What you need to know about triangles on the SAT is nowhere near as much as you probably learned in high school. Remember law of cosines? Exactly, most people do not. But the law of cosines, and just about every thing else from trigonometry, is not tested on the SAT.

Ahh…I think I just heard an audible collective sigh of relief. While the SAT only tests basics aspects of triangles, it will try to trick you whenever possible. Know the 10 tips below and you should be fine.

1. The degrees of a triangle add up to 180

2. An isosceles triangle has exactly two equal sides

3. An equilateral triangle has three equal sides. Each angle of the triangle is equal to 60

4. A right triangle has one side that equals 90 degrees.

5. An isosceles right triangle is a right triangle in which the two shorter sides of a triangle are equal to one another. Each of the other two angles have a measure of 45 degrees.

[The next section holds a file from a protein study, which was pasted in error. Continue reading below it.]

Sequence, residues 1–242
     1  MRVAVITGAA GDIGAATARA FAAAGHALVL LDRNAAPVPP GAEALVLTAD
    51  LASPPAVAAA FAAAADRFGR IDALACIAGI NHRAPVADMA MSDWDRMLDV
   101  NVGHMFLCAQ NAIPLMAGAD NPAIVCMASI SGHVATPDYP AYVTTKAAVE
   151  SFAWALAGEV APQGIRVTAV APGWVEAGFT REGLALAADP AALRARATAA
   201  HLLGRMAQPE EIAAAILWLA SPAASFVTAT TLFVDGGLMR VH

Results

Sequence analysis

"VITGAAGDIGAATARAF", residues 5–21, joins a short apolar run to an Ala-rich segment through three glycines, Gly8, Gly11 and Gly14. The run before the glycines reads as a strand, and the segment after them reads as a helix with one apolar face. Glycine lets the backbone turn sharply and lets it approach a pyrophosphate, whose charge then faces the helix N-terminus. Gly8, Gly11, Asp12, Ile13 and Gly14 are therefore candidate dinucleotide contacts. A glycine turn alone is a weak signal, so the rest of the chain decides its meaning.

6. The greater the degree measure of an angle, the greater the length of the side opposite from that angle.

7. The longest side of a triangle is called the hypotenuse.

8. The sum of the square of the lengths of the two shorter sides of a right triangle equals the square of the hypotenuse: , where a and b are the two shorter sides of a right triangle.

9. The base and the height of a triangle must always meet at 90 degrees.

10. The area of a triangle is base x height divided by 2.

## Takeaway

But with a little practice, and by memorizing and applying the 10 tips above, you are well on your way to triangle mastery on the SAT.

##### About Chris Lele

Chris Lele is the GRE and SAT Curriculum Manager (and vocabulary wizard) at Magoosh Online Test Prep. In his time at Magoosh, he has inspired countless students across the globe, turning what is otherwise a daunting experience into an opportunity for learning, growth, and fun. Some of his students have even gone on to get near perfect scores. Chris is also very popular on the internet. His GRE channel on YouTube has over 10 million views. You can read Chris's awesome blog posts on the Magoosh GRE blog and High School blog! You can follow him on Twitter and Facebook!

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